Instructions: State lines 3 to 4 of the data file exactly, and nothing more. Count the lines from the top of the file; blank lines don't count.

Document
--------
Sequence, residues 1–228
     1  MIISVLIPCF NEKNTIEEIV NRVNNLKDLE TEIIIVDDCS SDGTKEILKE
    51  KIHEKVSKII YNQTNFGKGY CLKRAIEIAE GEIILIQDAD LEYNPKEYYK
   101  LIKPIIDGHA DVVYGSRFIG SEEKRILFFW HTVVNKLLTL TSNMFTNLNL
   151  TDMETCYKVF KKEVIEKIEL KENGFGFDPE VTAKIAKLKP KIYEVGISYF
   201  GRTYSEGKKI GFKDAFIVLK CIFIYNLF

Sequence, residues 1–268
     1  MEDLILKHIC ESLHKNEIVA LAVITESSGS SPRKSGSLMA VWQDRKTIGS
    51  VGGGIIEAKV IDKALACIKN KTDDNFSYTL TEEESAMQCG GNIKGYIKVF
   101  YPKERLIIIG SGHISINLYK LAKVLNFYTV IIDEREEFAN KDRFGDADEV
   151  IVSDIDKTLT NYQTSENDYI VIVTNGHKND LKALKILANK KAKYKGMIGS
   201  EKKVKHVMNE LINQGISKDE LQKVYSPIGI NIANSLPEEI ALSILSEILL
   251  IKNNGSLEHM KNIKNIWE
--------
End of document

    51  KIHEKVSKII YNQTNFGKGY CLKRAIEIAE GEIILIQDAD LEYNPKEYYK
   101  LIKPIIDGHA DVVYGSRFIG SEEKRILFFW HTVVNKLLTL TSNMFTNLNL